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Ball lighting may be induced hallucination
Numerous encounters of light balls during thunderstorms may actually be magnetic fields playing with human senses.
Propeller The phenomenon of powerful magnetic fields causing hallucinations is well known since the 1980s. Called “transcranial magnetic stimulation” (TMS), the technique is used in the lab to study the workings of the brain. Researchers focus an alternating magnetic field, which may be as powerful as 0.5 Tesla, on a specific area. This causes currents in the synapses. If TMS is applied to the visual cortex, the test subject will “see” glowing disks and lines.
A similar effect can happen in nature in specific conditions, say Joseph Peer and Alexander Kendl at the University of Innsbruck in Austria. In a paper published on the preprint website arXiv.org, they describe how a series of lightning striking in the same place can create an alternating magnetic field, acting similar to TMS experiments on people as far as 200 meters.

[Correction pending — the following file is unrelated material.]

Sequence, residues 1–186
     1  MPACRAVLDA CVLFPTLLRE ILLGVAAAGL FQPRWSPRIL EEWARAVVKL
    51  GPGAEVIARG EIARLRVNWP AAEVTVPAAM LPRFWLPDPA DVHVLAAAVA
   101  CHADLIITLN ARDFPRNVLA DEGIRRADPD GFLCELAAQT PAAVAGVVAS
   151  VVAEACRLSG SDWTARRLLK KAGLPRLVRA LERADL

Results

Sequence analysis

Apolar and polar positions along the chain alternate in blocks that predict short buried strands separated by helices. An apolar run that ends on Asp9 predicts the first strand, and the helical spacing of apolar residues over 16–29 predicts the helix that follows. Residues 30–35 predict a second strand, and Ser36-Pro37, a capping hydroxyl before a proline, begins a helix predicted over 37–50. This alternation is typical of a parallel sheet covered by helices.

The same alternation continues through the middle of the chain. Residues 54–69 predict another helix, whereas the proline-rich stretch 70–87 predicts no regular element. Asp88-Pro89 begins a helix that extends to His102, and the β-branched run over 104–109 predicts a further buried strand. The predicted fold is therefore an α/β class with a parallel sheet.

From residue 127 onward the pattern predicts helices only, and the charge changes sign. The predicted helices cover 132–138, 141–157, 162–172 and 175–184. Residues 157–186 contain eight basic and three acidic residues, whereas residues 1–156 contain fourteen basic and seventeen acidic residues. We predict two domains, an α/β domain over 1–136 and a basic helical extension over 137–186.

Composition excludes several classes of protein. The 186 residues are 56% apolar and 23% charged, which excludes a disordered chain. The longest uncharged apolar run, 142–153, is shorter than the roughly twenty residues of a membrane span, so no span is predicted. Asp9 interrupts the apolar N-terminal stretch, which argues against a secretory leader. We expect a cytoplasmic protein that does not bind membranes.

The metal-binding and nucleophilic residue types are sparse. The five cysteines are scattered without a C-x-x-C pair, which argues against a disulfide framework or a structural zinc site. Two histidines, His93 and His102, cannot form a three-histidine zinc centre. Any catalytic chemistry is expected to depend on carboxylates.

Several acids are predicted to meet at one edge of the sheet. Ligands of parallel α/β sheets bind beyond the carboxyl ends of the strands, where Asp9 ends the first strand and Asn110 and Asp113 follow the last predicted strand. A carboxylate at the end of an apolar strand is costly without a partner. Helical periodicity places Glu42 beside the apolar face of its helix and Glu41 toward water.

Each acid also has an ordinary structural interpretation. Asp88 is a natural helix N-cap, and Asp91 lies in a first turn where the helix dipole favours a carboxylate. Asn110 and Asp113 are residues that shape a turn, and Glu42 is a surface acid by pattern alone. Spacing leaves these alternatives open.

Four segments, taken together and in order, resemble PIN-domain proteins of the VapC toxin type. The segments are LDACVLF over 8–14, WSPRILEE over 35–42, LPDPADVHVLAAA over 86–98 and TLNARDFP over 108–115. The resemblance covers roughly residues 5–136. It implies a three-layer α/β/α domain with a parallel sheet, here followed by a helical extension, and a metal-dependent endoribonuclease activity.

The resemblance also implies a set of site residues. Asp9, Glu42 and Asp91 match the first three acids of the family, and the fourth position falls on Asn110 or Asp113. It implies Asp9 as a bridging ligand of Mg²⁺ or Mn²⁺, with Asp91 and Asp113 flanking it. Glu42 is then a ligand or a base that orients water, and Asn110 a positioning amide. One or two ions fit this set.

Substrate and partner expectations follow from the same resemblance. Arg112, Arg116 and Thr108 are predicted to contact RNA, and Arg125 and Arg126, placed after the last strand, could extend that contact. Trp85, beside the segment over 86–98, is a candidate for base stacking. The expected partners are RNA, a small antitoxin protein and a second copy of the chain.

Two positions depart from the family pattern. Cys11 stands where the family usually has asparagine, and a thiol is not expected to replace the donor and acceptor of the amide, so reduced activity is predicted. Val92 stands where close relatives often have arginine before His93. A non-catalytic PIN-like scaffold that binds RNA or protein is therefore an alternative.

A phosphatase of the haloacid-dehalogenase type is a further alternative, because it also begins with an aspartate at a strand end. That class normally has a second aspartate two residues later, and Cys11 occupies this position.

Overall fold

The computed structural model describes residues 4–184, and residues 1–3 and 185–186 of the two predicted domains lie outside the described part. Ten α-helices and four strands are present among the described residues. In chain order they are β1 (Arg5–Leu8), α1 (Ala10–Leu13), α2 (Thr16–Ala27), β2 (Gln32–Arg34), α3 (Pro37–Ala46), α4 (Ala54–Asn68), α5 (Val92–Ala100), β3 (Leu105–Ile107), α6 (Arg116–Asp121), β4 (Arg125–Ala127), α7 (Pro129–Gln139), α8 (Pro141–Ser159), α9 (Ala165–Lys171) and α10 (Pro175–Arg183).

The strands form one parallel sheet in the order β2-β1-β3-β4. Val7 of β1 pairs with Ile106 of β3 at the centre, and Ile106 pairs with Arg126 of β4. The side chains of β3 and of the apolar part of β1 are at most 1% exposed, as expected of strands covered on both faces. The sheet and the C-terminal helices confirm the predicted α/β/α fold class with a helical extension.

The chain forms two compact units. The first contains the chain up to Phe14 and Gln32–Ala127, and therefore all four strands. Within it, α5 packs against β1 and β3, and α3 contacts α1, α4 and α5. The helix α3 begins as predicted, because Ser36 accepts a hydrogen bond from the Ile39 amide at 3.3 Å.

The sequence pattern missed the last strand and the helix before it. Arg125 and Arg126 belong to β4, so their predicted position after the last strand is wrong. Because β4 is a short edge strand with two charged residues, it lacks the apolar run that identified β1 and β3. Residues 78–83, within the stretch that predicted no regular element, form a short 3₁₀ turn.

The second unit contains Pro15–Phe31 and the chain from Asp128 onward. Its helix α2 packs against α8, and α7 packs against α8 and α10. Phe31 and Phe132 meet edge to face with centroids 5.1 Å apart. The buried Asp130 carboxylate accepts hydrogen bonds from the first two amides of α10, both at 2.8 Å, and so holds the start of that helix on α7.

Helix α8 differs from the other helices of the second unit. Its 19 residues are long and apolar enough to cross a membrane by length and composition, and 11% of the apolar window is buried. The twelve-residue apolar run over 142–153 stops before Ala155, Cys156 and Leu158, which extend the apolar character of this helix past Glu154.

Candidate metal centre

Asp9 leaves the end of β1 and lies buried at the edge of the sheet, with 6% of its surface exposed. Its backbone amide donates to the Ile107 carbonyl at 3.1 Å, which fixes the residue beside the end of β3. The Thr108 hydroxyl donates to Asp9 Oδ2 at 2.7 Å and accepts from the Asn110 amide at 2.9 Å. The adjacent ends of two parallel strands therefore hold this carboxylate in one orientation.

Such an event would be quite rare, with only about one to five percent of strikes capable of inducing a hallucination, the researchers say. And of those, only a handful would be witnessed from distance close enough, but not too close to harm the observer.
Read more: RT
Ball lightning was first reported in St. Petersburg in Russia in 1754 by a Dr. Richmann, who was attempting to copy Benjamin Franklin’s kite-lightning experiment, and who was instantly killed by the lightning. It is rarely seen and photographic evidence is almost nonexistent. There are dozens of theories of how ball lightning could form, including the burning of hot silicon particles produced when a lightning strike vaporizes the ground.